How much money should I have in Super before it makes sense to establish my own SMSF? This is a question which we’re often asked and which we often see discussed in SMSF circles. The ATO has provided a suggested figure of around 150k. Some advisers will suggest that a figure of $250-500k is an appropriate amount to have in your fund before it becomes worthwhile to establish an SMSF. One way to look at this scenario is to establish the costs involved in administering your SMSF. Realistically, you can expect to pay $1500 – 2000 in annual admin costs. So if you have an industry super fund, for example, you would need to have around 300k in your fund before your fees reached the same kind of mark as you would expect to pay for SMSF admin. Using this as your benchmark then, a figure of around 250k would be suitable to establish your own fund. However if you’re looking at using your SMSF for a different investment strategy than that which would apply to – a regular fund, then we’re no longer comparing apples with apples and need to look more closely at what an appropriate amount to have in your Super might be.
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Let’s talk about money. A very topical issue in this industry and with our clients is how much money or how much superannuation should one or a couple, or a number of members have accumulated to start a self-managed super fund. There are lots of figures flying around, so we would speak to advisors who will say essentially, there is no figure. If people want to do it and it’s suitable for them, then let’s do it.
The ATO is talking about $150,000, we’ve got advisors and other groups which are talking about $250,000, $500,000, there’s a lot of figures floating around and all of which are coming just from people looking at it from a different angle.
The most common way that people look at this to sort of figure is in terms of the cost: how much does it cost to run a self-managed super fund? Nowadays, $1,500 to $2,000 a year is going to be a fair benchmark, maybe up to two and a half. I mean, you can go to the Paris end of Collins Streetand pay $5,000, $6,000, $7,000, but most self-managed super funds would be administered around that sort of $2,000 mark and therefore, people think, okay, well, if you had your superannuation within industry funds, you’re going to need to have $300,000, $400,000 before you pay those sorts of fees. If you’re a retail fund, it might be $200,000 before you pay that sort of fee, so based on that, based on cost, they will go, well, you need to have $200,000 or you need to have $250,000, and that’s just purely a cost analysis going like, this is it, which is fair enough if you were going to use your self-managed super fund to have the exact same investment strategy that you’ve got in the other fund, then you’re comparing apples with apples and you’re going, which is the cheapest to burn that investment strategy, and most often than not, you’ll find that your industry fund is going to be the vehicle of choice and off you go.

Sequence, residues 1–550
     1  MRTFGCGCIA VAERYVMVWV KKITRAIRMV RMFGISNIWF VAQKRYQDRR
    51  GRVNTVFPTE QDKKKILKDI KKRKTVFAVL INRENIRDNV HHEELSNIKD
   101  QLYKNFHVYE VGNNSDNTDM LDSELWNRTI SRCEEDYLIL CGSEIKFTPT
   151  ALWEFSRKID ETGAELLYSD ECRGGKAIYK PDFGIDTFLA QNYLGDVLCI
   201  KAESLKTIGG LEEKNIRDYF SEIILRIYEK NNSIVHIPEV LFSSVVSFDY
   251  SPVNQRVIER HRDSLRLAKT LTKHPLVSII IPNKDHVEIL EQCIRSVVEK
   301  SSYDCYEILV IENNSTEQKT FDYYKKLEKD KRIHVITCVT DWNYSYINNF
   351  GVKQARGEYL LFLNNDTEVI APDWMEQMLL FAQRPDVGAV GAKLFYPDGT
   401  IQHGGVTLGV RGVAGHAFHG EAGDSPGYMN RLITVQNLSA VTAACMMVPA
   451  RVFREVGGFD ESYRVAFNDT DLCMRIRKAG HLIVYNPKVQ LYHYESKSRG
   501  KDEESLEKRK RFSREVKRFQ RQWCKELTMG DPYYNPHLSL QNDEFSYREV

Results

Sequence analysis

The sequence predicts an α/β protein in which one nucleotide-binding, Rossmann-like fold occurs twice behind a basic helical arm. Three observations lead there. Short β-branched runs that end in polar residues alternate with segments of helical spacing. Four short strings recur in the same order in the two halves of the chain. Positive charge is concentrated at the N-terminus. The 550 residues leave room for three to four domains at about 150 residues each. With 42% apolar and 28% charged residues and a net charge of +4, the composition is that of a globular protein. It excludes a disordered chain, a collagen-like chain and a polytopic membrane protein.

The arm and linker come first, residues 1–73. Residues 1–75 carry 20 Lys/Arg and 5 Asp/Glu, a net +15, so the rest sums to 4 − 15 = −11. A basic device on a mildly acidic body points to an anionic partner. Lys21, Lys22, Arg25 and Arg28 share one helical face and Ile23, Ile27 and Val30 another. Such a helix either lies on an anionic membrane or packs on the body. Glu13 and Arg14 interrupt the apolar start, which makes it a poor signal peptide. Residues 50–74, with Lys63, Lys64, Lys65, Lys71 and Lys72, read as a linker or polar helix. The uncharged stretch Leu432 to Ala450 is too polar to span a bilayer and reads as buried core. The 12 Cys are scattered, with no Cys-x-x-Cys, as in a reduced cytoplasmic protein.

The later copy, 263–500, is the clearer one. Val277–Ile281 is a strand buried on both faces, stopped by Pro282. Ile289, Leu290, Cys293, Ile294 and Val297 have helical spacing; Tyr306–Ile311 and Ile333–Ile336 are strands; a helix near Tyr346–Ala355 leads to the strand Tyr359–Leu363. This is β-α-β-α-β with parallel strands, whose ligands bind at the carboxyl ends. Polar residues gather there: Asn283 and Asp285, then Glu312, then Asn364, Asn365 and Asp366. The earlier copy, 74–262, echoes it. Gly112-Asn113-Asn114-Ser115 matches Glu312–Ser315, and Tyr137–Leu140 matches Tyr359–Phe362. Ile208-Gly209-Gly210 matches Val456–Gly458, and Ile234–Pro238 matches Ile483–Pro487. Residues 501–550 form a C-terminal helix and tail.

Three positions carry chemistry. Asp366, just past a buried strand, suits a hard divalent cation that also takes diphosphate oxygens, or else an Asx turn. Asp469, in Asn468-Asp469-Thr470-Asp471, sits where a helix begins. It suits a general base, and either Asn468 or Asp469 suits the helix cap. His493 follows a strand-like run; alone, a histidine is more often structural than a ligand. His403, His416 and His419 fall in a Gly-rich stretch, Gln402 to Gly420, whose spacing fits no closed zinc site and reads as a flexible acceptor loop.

However, if you are looking at having a different investment strategy, if you’re looking at doing something with your super fund which you are not doing with the other fund — which you can’t do with the other fund — then we’re not really comparing apples with apples anymore.
The question is, how much more are you willing to pay to have access to that particular strategy, to have access to that particular plan of yours which you want to implement? Because if the self-managed super fund costs you $1,000 more a year to run, but you believe that that strategy, that asset that you’ve got in mind is going to make you $5,000, $10,000, $20,000 more a year, then it’s a very reasonable decision. So that’s from a cost perspective and what you get for your money. I guess from where we see it, the brokers organizing the loan for the self-managed super fund, there are some realities that we now have to deal with. You need a 20% deposit because the banks are just going to lend you or your self-managed super fund more than 80%, so okay, we need a 20% deposit, we need money to cover for certain costs such as stamp duty, legal, bank application fees, and those things that come with the purchase of a property, so we have 20%, we probably need 6%, 7% to cover all the various fees that come with the purchase of the property and then the banks now have something really annoying which is called liquidity requirement, so they will say you cannot use all the cash in your super toward the purchase of the property, so if you’re buying the property we want, and when I say “we,” that’s just the bank, that bank, we want 10% of the loan amount to stay liquid.
Liquid could be cash or shares, but that’s money that you can’t put into the property. Some of them will say 10% of the overall value of the fund, some of them will say 10% of the value of the property being purchased. There’s various requirements, but we’ve got, give or take, another 10%, so we were on 25% to 27% and then now, we find ourselves with at least another 8% to 10% on top of that. So the truth is that whichever way you look at it and costs aside and that argument aside, if you’re looking at buying a property with a self-managed super fund from a lending perspective, realistically, you’re going to need to have 30+% of the value of the property in superannuation, so if you own a $400,000 property, you’re going to need to have $120,000-plus to make this happen. If the property that you want to purchase with super is $600,000, then you’re going to be looking to have at least $200,000 in that superannuation fund. So it’s 30-plus, you’re probably closer to 35% than 30%. That’s from a lending perspective, everything else aside.